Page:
Macedonia. Her mother was French-Canadian, and we have paper-trailed those unmistakably French surnames in Quebec back to the early 1700's. However, her father was a descendent of Henry Cook I of Devon. Iberian representation we saw in the analyses were not
unexpected given the known history of the British Isles, but the Balkan representation sure was.

Brian Colquhoun commented on 01-Mar-2013 06:20 PM

I just assumed the V13 moved from Northern Africa to the Middle East (ancient Israel included) and thence to the Balkans (including Thrace, Moesia, Macedonia)and Greece. Certainly, a Roman connection in transport to Britain seems intuitive, but as more and more data becomes available, I'm sure the story will sort itself out.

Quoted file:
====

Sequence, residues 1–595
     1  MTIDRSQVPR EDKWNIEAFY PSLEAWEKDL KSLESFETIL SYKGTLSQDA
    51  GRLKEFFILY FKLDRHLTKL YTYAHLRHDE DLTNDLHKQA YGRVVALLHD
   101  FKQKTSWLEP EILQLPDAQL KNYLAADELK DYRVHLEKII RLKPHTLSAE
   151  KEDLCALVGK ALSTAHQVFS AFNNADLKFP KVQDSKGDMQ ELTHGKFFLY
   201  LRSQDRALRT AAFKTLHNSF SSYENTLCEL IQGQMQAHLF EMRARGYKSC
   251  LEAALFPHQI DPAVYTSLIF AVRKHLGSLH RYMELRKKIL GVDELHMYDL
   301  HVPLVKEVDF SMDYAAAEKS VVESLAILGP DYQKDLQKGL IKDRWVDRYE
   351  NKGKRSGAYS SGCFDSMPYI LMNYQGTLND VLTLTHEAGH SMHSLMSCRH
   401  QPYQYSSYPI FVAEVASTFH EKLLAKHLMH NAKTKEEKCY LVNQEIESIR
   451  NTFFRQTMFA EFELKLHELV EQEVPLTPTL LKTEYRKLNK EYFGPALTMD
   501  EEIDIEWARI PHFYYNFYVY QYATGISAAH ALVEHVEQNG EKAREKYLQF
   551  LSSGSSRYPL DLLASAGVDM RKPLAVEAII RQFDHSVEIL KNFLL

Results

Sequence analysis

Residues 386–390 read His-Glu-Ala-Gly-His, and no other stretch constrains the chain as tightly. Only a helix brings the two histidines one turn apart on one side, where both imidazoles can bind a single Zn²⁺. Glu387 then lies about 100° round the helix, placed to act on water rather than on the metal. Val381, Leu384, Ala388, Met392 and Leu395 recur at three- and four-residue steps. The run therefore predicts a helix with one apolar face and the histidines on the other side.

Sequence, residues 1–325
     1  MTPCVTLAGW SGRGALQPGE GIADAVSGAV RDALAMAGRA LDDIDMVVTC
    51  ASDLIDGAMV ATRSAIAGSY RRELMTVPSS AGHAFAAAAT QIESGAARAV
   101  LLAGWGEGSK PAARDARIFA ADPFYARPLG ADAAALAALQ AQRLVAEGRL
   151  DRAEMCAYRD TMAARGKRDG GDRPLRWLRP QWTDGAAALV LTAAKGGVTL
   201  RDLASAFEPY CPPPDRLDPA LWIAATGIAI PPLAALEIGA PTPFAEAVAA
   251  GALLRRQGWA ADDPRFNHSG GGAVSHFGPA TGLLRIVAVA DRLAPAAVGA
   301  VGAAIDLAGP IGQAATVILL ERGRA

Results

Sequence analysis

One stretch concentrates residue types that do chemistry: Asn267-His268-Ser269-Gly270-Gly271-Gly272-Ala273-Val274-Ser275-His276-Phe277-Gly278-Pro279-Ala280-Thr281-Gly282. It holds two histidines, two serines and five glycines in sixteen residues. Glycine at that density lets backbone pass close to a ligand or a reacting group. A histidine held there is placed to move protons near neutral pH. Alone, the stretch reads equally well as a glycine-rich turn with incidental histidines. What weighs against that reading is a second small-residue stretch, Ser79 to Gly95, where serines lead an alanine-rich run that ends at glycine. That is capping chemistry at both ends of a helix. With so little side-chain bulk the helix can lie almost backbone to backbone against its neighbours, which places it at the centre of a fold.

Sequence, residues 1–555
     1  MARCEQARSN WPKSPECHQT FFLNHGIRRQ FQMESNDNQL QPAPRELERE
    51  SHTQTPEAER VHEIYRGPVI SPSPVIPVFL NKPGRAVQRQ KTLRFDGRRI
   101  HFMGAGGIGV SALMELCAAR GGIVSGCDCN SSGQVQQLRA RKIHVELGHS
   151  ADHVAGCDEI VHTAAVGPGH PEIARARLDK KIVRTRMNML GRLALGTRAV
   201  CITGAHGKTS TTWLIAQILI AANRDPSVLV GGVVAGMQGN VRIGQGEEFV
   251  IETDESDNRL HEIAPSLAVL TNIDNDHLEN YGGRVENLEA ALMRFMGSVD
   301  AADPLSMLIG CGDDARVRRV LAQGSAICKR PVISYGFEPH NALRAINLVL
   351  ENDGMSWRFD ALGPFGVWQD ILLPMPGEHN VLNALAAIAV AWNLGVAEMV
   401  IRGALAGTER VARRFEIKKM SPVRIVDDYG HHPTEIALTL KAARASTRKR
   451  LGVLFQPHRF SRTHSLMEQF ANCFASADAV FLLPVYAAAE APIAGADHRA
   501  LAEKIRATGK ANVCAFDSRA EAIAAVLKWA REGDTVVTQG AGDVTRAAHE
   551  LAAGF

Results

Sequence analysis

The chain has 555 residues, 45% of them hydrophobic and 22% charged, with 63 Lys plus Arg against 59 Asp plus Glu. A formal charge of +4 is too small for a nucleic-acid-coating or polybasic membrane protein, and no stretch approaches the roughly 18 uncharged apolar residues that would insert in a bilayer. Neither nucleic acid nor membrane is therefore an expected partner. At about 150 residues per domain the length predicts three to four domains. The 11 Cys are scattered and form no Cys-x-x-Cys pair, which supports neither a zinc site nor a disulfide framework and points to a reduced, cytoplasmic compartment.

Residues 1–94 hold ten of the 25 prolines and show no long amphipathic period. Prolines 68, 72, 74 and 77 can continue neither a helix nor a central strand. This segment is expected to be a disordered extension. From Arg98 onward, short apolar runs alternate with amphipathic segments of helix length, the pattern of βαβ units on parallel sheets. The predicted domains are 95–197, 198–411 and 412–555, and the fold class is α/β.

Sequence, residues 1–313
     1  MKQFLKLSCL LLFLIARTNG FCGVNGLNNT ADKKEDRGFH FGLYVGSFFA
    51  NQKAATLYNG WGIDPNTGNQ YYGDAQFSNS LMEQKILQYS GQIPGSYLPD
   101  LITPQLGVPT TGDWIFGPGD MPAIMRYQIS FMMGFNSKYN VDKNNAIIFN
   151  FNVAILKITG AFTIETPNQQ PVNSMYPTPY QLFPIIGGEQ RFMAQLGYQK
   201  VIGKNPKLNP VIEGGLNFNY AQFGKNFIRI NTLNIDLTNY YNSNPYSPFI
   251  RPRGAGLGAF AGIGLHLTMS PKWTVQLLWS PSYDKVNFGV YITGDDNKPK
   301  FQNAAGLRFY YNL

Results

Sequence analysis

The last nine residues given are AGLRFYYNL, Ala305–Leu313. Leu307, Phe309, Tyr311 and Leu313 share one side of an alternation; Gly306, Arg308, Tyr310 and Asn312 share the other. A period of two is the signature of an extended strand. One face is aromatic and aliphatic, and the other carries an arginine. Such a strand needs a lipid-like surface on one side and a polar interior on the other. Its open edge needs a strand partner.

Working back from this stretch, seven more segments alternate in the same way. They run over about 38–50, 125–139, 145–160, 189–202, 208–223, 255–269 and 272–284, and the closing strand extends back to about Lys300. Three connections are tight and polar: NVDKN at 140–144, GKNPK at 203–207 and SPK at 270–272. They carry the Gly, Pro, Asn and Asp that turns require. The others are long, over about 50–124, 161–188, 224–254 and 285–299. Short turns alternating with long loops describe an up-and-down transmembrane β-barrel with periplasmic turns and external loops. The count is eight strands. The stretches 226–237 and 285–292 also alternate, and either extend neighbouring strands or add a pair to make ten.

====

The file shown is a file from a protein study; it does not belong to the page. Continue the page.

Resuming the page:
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Brent Kennedy Mark Thomas Albert Einstein College of Medicine Kari Carpenter Arizona Charlemagne Monya Baker Genex Diagnostics Sasquatch human migrations PNAS haplogroup J HapMap Stacy Schiff Anacostia Indians Elizabeth DeLand Rare Genes Middle Eastern DNA Cooper surname Tintagel Mucogee Creeks Horatio Cushman Sizemore Indians Nancy Gentry The Calalus Texts Richard III autosomal DNA forensics Daily News and Analysis Nova Scotia European DNA Bill Tiffee Olmec Tutankamun Melungeon Heritage Association cannibalism Great Goddess Denisovans Mary Settegast Tennessee Promega Richard Buckley David Cornish Hawaii oncology Muslims in American history Carl Zimmer haplogroup L Alia Garcia-Ureste haplogroup B Society for Crypto-Judaic Studies Rebecca L. 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Evol., Eran Elhaik, Khazarian Hypothesis, Rhineland Hypothesis Zizmer Lab Corp Gravettian culture FDA haplogroup W John Ruskamp Virginia genealogy Egyptians consanguinity Navajo Micmac Indians Terry Gross Michael Grant Bode Technology Paleolithic Age James Stritzel Israel, Shlomo Sand Henry IV Sarmatians Tara MacIsaac Jalisco Gregory Mendel Monica Sanowar Gunnar Thompson Asian DNA Daniel Defoe Jack Goins Holocaust Database Austro-Hungary Waynesboro Pennsylvania religion Jews National Geographic Daily News DNA magazine Rich Crankshaw haplogroup M Richmond California Charlotte Harris Reese personal genomics palatal tori New York Academy of Sciences Ziesmer, Zizmor India art history Smithsonian Magazine Life Technologies Pueblo Indians population isolates Kennewick Man haplogroup C Belgium Kitty Prince of the Bear River Athabaskans clan symbols Donald N. Yates single nucleotide polymorphism private allele rock art Chris Stringer Texas A&M University Tucson crosses polydactylism Anasazi Illumina Celts Cleopatra Joseph Jacobs Columbia University Philippa Langley methylation Stephen Oppenheimer Hertfordshire Harold Sterling Gladwin Alec Jeffreys Panther's Lodge Publishers Maya Bradshaw Foundation Joel E. 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